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There's a new wave of sound on the horizon carrying with it a broad scope of tantalizing potential applications, including advanced ultrasonic imaging and therapy, acoustic cloaking, and levitation and particle manipulation. Researchers with the U.S. Department of Energy (DOE)'s Lawrence Berkeley National Laboratory (Berkeley Lab) have developed a technique for generating acoustic bottles in open air that can bend the paths of sound waves along prescribed convex trajectories.
In this latest project, three members of Zhang's research group, Peng Zhang, Tongcang Li and Jie Zhu, created an acoustic "bottle" that features a three-dimensional curved shell, in which a wall of high acoustic pressure surrounds a null pressure region in the middle. Sound waves forming the bottle are concentrated into a beam that travels through the high pressure wall of its curved shell. The sound waves are generated by an array of loud speakers, 1.5 centimeters in diameter and spaces 2.5 centimeters apart, operating at a frequency of 10 kilo Hertz (kHz) and can be launched along a designated trajectory by precisely adjusting the phase profile of the speaker array.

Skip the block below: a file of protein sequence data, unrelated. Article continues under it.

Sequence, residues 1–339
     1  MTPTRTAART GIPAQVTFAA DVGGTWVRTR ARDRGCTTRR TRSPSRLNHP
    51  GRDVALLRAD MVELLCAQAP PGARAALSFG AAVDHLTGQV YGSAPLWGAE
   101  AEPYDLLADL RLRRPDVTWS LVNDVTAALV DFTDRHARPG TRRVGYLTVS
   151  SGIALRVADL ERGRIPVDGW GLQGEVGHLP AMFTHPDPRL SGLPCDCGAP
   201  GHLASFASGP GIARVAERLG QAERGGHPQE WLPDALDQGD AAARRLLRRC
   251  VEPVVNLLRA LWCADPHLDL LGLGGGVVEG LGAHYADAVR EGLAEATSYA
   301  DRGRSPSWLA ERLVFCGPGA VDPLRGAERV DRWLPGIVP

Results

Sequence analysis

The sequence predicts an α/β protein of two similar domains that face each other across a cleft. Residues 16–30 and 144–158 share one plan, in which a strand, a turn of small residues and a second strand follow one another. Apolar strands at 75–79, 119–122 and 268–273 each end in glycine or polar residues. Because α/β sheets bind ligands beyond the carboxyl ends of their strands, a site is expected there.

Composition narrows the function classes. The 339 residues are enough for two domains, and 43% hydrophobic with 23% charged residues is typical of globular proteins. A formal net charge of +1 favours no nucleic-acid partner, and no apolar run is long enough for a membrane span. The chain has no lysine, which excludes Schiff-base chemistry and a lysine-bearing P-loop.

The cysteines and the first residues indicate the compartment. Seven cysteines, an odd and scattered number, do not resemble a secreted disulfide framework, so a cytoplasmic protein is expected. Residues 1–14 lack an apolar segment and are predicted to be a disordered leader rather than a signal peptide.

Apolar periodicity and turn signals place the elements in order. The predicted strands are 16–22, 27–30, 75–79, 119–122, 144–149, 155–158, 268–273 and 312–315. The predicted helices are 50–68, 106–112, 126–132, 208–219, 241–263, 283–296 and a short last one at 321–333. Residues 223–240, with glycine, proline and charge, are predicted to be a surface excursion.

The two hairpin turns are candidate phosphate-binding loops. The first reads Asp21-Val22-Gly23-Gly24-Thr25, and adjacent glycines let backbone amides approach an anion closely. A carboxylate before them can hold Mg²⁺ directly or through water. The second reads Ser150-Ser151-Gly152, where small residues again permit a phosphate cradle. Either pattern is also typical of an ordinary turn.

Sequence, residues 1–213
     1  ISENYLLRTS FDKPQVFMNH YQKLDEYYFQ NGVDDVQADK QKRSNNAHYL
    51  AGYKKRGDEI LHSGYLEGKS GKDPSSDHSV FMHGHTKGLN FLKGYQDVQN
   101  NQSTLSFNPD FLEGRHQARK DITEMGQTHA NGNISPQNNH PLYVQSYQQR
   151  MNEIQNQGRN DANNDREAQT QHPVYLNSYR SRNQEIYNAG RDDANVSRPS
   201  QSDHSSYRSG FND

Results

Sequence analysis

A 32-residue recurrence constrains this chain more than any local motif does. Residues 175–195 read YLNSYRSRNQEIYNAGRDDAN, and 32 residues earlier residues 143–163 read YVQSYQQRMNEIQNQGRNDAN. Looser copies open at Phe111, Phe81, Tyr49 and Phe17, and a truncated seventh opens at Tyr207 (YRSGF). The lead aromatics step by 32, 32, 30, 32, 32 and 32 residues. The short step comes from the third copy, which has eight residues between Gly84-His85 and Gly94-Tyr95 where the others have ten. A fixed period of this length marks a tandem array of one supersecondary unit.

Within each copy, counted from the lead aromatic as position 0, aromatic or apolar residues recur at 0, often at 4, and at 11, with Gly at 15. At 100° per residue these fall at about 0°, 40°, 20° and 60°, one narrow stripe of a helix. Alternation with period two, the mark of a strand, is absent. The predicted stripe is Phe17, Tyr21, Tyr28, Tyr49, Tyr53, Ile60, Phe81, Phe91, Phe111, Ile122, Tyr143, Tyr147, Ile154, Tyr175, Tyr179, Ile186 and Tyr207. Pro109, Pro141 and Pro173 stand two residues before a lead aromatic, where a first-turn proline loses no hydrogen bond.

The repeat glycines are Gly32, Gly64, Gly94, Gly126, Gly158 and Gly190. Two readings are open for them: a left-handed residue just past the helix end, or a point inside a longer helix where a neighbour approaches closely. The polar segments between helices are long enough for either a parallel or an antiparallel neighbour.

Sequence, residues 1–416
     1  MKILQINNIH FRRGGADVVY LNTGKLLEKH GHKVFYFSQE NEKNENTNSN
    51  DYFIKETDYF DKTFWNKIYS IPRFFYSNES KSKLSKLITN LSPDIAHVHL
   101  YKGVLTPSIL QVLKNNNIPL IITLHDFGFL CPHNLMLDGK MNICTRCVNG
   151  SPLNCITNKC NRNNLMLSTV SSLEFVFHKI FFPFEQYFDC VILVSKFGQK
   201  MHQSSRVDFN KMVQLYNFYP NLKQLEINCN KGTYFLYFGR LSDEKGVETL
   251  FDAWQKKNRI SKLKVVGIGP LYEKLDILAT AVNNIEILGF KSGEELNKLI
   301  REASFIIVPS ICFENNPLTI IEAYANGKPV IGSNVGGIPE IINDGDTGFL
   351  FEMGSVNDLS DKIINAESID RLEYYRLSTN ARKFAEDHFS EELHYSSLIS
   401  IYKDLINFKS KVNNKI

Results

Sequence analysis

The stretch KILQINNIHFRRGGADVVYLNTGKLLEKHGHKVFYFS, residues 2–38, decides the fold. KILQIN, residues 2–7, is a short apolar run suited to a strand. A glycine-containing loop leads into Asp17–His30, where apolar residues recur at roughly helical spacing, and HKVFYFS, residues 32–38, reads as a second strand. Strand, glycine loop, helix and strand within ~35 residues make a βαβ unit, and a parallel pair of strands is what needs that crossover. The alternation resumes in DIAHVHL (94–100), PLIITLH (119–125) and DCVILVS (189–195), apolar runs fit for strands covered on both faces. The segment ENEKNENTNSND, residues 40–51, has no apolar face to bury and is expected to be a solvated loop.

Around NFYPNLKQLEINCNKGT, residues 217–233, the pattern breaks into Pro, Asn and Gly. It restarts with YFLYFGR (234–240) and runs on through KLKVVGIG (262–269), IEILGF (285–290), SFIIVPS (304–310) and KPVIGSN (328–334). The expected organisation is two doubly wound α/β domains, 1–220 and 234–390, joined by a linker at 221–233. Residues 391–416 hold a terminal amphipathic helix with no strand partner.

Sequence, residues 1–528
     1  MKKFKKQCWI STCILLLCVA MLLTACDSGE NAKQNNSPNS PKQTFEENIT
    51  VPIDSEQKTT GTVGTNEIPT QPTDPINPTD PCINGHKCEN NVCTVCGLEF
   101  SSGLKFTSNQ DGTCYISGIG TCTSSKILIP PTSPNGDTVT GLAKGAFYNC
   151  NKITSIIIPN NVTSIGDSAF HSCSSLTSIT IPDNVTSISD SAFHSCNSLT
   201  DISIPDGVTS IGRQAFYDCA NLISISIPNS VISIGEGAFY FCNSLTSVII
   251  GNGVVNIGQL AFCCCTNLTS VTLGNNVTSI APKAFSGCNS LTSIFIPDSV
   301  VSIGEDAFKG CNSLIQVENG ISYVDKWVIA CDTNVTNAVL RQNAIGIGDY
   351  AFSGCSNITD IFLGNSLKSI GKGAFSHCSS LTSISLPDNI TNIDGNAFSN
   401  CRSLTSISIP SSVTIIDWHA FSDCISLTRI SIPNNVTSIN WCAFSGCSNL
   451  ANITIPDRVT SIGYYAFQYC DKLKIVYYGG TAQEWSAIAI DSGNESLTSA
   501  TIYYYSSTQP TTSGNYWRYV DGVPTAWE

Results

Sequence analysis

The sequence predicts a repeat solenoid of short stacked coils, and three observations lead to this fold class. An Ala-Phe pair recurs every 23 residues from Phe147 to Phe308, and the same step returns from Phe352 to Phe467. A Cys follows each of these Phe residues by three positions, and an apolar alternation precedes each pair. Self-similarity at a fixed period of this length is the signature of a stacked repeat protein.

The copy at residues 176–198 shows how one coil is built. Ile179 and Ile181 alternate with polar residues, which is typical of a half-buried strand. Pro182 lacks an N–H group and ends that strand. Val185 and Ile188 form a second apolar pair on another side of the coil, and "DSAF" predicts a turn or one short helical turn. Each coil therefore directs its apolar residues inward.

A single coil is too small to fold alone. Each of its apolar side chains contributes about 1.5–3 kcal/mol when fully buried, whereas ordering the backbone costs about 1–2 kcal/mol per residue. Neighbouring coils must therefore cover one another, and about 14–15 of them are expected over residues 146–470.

Because the high pressure wall of the acoustic bottle exerts a pulling force, there are no sound waves passing through the null pressure interior of the bottle and the bottle can be used for acoustic trapping. Furthermore, the bottle beam is not influenced by any obstacle placed inside the bottle and can even restore itself when an obstacle blocks its path, as the researcher demonstrated with a steel rod.